We are treehuggers, but we’re also loggers. This is Emma at the local tree farm with last year’s Fraser Fir, which served us well as 2017 began.
This is a rare shot of Emma NOT working. She and her partner, Ayyappan Venkatraman, are plowing through their residencies at Penn Medical Center and the Children’s Hospital of Philadelphia (pediatrics and internal medicine for Emma, psychiatry for Pan), and they are almost always wearing white coats and/or sleepy. But it’s all good.
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Okra is a West African plant that is not supposed to grow in Ithaca, New York, but our backyard crop was bountiful this year. The freezer is bulging with vegetables—ours and others from friends with whom we engage in semi-competitive food swapping and storage meets during harvest season.
I am still getting paid to look for news in strange places. This shot is from the mammoth annual trade show of the Private Label Manufacturers Association. But most of my work these days is either volunteering (for the Cornell Daily Sun and political causes) or what a contractor would call “on spec” (benefit corporations and the history of environmental activism in the Adirondacks).
I am extremely fortunate and grateful to be an independent journalist, among many other things. This was an unusually good year, and that is what this post is about. It doesn’t get into politics until the last graf, where I make a non-partisan suggestion about a specific action you might consider making in 2018. Forewarned is forearmed.
Tania is ending her third year of “retirement,” and I think she has found the rhythm of it. When she is not volunteering for historic preservation groups in Ithaca and Buffalo, she is often at the gym. Here she is with her trainer, Ashley Fennell. Ashley is smart, funny, and able to dead lift 270 pounds. I am encouraging Tania and Ashley to bench press each other, but so far they have declined.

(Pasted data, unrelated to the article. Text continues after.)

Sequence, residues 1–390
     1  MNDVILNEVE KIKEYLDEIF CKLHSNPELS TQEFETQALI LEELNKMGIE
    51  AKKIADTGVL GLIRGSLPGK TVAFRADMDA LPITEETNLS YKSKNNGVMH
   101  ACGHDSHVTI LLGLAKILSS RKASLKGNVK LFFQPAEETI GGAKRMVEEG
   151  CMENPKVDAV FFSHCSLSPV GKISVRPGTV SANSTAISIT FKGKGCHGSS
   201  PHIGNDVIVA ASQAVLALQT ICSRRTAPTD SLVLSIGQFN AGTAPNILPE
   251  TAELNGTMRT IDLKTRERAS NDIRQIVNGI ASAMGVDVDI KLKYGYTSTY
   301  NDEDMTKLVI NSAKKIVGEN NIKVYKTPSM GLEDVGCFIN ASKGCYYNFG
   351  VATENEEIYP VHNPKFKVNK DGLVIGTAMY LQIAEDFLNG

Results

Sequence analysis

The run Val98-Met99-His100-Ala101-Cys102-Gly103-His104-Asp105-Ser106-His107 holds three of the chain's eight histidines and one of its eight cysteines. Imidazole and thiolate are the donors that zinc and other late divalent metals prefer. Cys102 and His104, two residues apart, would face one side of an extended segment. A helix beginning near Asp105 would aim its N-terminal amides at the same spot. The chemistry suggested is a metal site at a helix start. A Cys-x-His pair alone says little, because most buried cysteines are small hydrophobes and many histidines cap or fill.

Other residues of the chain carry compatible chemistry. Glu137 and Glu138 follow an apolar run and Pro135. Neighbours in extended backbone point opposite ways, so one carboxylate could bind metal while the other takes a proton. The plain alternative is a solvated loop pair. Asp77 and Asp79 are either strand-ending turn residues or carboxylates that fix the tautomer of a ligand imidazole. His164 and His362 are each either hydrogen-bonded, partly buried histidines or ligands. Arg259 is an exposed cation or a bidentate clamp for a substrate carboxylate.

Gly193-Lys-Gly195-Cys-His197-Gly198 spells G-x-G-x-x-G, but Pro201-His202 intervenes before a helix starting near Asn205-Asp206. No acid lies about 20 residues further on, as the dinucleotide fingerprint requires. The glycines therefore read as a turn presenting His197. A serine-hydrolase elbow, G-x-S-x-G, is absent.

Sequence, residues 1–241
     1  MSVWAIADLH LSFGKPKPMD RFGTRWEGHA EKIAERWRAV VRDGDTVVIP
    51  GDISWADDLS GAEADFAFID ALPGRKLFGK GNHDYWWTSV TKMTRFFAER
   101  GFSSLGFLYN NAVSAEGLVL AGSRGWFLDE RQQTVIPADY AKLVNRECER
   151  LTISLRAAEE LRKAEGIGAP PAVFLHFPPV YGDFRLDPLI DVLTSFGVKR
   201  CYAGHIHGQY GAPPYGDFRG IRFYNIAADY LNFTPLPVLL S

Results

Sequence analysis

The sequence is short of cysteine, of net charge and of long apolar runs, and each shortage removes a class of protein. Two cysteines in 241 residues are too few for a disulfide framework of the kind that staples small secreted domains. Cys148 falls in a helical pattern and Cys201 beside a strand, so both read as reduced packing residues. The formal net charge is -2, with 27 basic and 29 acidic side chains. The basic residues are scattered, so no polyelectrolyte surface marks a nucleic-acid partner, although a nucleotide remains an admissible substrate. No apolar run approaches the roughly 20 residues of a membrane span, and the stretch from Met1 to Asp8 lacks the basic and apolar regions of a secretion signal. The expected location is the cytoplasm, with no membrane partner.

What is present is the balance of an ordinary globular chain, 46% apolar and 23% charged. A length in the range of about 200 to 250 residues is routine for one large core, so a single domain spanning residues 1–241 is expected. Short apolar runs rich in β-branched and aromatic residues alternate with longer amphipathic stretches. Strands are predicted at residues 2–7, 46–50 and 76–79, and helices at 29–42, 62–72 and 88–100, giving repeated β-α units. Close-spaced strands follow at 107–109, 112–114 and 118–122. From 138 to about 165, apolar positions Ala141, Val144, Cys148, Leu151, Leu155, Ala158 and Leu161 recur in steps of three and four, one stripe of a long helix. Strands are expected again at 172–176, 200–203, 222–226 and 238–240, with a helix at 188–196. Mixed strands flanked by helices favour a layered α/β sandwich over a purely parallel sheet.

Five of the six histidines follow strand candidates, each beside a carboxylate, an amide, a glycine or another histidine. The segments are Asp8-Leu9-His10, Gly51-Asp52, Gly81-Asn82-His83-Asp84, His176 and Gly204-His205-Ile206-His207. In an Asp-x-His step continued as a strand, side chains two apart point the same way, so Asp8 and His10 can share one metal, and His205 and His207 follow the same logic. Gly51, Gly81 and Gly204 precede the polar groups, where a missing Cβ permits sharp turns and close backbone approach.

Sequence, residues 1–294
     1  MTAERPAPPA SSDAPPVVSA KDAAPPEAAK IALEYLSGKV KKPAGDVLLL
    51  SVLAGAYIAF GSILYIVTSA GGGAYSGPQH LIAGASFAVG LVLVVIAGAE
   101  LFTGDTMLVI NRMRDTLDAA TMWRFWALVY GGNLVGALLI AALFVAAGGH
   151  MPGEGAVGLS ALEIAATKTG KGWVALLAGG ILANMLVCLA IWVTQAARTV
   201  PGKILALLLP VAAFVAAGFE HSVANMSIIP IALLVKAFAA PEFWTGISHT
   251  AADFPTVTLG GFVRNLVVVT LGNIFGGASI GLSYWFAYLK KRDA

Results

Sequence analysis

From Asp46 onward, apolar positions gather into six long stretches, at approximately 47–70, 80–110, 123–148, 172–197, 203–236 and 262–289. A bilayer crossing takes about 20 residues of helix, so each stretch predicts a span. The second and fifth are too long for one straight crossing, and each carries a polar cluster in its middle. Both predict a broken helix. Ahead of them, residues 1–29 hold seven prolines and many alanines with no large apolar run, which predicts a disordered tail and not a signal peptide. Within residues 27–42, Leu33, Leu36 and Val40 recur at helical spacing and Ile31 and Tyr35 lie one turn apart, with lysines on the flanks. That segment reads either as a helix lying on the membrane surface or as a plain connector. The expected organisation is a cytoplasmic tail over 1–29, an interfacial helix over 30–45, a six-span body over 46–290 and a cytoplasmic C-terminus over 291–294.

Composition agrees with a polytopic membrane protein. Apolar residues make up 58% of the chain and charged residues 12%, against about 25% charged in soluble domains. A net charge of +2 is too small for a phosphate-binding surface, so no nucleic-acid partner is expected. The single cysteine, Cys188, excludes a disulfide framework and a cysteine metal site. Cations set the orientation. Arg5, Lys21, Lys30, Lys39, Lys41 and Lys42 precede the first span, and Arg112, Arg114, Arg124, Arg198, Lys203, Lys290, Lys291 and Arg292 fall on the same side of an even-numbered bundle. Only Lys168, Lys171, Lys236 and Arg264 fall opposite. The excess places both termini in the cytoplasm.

Probably the biggest and happiest news of the year is Zoe Shea, who joined our family on October 21. Reader, she married him. Here are Will and Zoe in New York’s City Hall, getting their license. Zoe is a sharp lawyer who likes to take down bad guys. Will is Director of Analytics for Major League Baseball. The consensus is that they are freakishly happy and well-matched. More on this later.
As the year began, Tania and I celebrated Orthodox Christmas at the Holy Trinity Cathedral and Seminary in Jordanville, NY, where Tania’s parents and grandparents are buried. It’s about as Russian as you can get without a passport.
Then in March, we stretched a Phoenix business trip to see my old pal Joel Garreau, eat real tacos, and hike just before an historic “superbloom” that lit up the Sonoran Desert. These shots are from Cave Creek Regional Park.
2017 was a year of parties, and we went to four memorable ones. The first happened in Austin, Texas in March, when our friends Jay Pulliam and Mara Pfund threw a barbecue for us, my mom and sister, and my niece Lindsay and her family. The biggest thrill for me was playing catch with Lindsay and Luis’s son, Escher. Thanks, Jay and Mara!
Dyngus Day, the day after Easter in Buffalo, NY, will always make the short list. It’s like St. Patrick’s Day for Polish-Americans. It features a wacky parade with people dressed up like perogies and other things, while on the sidelines a battle rages of squirt gun attackers facing defenders who wield pussywillow branches. That party peaked when Brave Combo, the best punk-salsa-polka band in the land, tore the roof off the joint.
Deep Springs College’s Centennial party over July 4 weekend was another jaw-dropper. We stretched it out with a three-night train trip west, which I hadn’t done in 30 years and Tania, incredibly, had never done. Try Amtrak if you like staring out the window and making friends with strangers. If you’re over 40, pay for the sleeper.